Tuesday, July 23, 2019 Medina 59°

Local Medina County News

Special day for moms at Medina Marsh Preserve

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    Scott Horkey and Tanya Sypolt of Medina County, and their 8-year-old daughter Adelina, watch eagles Saturday at Medina Marsh Preserve during a Mother's Day event.



MEDINA TWP. — Scott Horkey and Tanya Sypolt, along with their 8-year-old daughter Adelina, muddied their shoes and pants Saturday at Medina Marsh Preserve.

It happened as they trudged along a wet, grassy trail leading to a viewing area, where volunteers offered the young Medina County family a peek through binoculars and telescopic camera lenses aimed at the treetops.

“We came here to see the bald eagles nesting,” Scott said. “We thought it would be a nice Mother’s Day activity.”

The eagle-watching was part of a Mother’s Day program at the marsh, which is off Fenn Road. The free event included guided hikes through the 126-acre wetland preserve and visits with rescued and rehabilitated owls and hawks. Children made crafts for their moms.

The Mother’s Day program was organized by Western Reserve Land Conservancy, which helped preserve the marsh, and Medina Raptor Center, which brought the owls and falcons. The Medina County Soil and Water Conservation District, Medina County Park District, Ohio Wetlands Association and Davey Resource Group also helped.

The marsh, in the floodplain of the West Branch of the Rocky River, is home to a blue heron rookery and a pond. Plenty of blue heron were seen Saturday.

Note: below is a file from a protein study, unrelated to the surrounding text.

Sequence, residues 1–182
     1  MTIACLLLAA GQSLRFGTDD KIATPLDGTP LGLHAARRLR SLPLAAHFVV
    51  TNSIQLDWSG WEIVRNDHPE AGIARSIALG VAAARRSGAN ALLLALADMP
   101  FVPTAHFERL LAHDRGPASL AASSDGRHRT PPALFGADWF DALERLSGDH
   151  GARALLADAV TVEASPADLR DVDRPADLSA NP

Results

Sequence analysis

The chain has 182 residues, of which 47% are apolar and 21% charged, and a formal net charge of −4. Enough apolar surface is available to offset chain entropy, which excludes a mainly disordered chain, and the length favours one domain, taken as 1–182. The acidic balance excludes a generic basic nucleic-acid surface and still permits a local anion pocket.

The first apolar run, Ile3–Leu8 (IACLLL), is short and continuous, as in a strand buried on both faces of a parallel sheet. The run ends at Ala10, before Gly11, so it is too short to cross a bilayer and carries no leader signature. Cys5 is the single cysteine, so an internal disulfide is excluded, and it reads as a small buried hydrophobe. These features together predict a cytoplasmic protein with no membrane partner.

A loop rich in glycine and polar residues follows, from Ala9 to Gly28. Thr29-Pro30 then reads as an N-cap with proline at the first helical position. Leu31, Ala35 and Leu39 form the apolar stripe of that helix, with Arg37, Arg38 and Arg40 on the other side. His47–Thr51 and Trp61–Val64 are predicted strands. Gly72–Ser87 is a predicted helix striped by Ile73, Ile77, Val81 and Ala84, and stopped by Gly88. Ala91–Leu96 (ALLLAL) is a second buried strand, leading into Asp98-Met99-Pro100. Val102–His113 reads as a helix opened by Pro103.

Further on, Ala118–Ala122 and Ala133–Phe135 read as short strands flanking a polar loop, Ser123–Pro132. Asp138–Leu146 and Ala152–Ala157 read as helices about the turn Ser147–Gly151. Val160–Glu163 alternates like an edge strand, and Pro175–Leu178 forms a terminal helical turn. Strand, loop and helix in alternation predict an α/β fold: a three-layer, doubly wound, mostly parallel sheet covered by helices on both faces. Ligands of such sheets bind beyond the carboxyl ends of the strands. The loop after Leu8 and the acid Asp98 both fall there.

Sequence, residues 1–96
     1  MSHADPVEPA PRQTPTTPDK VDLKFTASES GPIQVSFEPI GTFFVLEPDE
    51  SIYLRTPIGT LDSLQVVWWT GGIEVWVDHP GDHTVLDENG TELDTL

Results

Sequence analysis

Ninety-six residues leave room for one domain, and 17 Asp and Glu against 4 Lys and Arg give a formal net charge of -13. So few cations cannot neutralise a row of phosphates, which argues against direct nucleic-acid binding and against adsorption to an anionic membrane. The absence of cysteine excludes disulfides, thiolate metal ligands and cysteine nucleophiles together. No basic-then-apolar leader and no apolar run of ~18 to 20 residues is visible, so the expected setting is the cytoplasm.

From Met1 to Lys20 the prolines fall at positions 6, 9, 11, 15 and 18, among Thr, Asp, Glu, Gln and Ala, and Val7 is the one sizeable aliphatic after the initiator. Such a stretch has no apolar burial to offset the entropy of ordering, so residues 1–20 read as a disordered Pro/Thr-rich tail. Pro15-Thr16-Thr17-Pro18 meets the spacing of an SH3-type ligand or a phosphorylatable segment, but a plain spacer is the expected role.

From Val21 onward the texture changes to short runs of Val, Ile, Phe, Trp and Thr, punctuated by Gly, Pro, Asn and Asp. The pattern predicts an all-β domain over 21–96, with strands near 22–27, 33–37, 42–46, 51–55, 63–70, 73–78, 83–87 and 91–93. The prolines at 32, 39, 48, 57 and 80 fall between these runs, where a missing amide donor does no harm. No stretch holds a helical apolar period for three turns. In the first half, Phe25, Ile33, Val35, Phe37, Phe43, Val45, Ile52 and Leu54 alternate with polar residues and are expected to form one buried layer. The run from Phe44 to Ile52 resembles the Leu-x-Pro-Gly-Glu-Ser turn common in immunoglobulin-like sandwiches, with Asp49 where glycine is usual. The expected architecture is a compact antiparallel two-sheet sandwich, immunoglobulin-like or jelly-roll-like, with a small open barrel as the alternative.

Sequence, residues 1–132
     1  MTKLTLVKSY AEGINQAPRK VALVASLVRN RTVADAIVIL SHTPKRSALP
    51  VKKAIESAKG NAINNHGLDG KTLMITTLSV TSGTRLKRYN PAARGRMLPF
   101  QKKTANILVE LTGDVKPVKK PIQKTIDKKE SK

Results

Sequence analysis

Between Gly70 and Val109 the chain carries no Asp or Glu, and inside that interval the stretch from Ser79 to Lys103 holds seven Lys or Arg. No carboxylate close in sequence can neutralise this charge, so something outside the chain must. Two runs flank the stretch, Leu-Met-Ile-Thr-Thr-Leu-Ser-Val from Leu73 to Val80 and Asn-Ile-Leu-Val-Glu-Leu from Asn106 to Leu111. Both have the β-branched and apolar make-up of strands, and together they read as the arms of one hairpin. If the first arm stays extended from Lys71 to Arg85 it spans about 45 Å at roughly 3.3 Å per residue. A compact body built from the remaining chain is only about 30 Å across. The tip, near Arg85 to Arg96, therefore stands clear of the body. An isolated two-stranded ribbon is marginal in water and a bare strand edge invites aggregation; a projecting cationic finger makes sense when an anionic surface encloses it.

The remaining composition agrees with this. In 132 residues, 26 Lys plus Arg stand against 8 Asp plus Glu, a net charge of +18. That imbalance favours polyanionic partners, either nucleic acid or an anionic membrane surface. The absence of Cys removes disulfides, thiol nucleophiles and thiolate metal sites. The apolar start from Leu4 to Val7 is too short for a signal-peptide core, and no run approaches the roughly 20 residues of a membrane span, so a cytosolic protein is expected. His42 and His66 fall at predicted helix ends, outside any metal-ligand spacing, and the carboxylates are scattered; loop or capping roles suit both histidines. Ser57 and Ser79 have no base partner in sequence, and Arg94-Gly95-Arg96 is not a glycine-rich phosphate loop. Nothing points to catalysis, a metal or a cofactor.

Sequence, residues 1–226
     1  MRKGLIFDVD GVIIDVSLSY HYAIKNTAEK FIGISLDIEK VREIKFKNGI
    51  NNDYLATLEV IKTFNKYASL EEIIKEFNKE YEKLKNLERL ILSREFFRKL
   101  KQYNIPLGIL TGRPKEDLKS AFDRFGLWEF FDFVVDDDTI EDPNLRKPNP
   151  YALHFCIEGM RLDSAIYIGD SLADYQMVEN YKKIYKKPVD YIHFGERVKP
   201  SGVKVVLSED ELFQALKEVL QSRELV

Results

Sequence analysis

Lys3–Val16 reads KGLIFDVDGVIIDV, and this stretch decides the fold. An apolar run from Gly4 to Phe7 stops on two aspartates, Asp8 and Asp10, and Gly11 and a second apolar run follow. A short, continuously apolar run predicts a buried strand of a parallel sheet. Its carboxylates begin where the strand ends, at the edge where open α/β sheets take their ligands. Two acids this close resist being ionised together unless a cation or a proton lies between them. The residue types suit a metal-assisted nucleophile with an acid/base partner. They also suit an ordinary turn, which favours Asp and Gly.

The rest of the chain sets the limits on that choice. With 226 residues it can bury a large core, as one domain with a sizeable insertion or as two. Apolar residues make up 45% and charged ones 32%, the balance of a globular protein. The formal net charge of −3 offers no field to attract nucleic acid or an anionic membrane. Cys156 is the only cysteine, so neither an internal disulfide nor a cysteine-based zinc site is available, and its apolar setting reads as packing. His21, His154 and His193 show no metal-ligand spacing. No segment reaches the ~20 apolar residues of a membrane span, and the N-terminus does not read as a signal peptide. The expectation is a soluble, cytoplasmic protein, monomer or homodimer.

Emily Bacha, director of communications and marketing with the conservancy, said a bald eagle couple had nested in the marsh and were raising two eaglets. It’s one of two known eagles’ nests in Medina County, said Lynn Josefsen, a conservancy volunteer.

Bill Jordan, of the raptor center and a conservancy volunteer, said both adult eagles were in the nest Saturday morning with their young. By afternoon, one of the adults had left, and presumably was searching for food.

Jordan, Josefsen and Ray Stewart of the wetlands association had set up cameras in a far corner of the marsh and were snapping photos of the eagles. Anyone passing by had a chance to peer through the camera lenses.

“Visitors have shown a lot of interest in the eagles this morning,” Jordan said.

To reach the viewing area, though, visitors had to tramp through mud. For Scott, Tanya and Adelina, a look at the bald eagle family was worth a little mess.

Messages may be left for Bob Sandrick at (330) 721-4065.

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